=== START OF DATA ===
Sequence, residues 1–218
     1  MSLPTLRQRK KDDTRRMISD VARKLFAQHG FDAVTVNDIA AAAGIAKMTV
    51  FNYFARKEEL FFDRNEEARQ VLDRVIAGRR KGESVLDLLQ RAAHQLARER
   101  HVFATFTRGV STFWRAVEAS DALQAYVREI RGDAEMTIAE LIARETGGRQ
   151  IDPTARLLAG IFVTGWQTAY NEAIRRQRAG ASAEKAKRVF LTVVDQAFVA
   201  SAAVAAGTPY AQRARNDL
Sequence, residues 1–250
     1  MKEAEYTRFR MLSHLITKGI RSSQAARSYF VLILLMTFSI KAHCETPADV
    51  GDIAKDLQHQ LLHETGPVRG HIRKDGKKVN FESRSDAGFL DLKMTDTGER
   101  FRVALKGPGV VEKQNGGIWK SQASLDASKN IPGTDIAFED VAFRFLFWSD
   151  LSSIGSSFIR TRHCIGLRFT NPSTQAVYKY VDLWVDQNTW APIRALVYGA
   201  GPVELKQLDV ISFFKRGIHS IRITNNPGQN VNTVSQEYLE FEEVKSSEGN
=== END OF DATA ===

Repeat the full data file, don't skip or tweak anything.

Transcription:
Sequence, residues 1–218
     1  MSLPTLRQRK KDDTRRMISD VARKLFAQHG FDAVTVNDIA AAAGIAKMTV
    51  FNYFARKEEL FFDRNEEARQ VLDRVIAGRR KGESVLDLLQ RAAHQLARER
   101  HVFATFTRGV STFWRAVEAS DALQAYVREI RGDAEMTIAE LIARETGGRQ
   151  IDPTARLLAG IFVTGWQTAY NEAIRRQRAG ASAEKAKRVF LTVVDQAFVA
   201  SAAVAAGTPY AQRARNDL
Sequence, residues 1–250
     1  MKEAEYTRFR MLSHLITKGI RSSQAARSYF VLILLMTFSI KAHCETPADV
    51  GDIAKDLQHQ LLHETGPVRG HIRKDGKKVN FESRSDAGFL DLKMTDTGER
   101  FRVALKGPGV VEKQNGGIWK SQASLDASKN IPGTDIAFED VAFRFLFWSD
   151  LSSIGSSFIR TRHCIGLRFT NPSTQAVYKY VDLWVDQNTW APIRALVYGA
   201  GPVELKQLDV ISFFKRGIHS IRITNNPGQN VNTVSQEYLE FEEVKSSEGN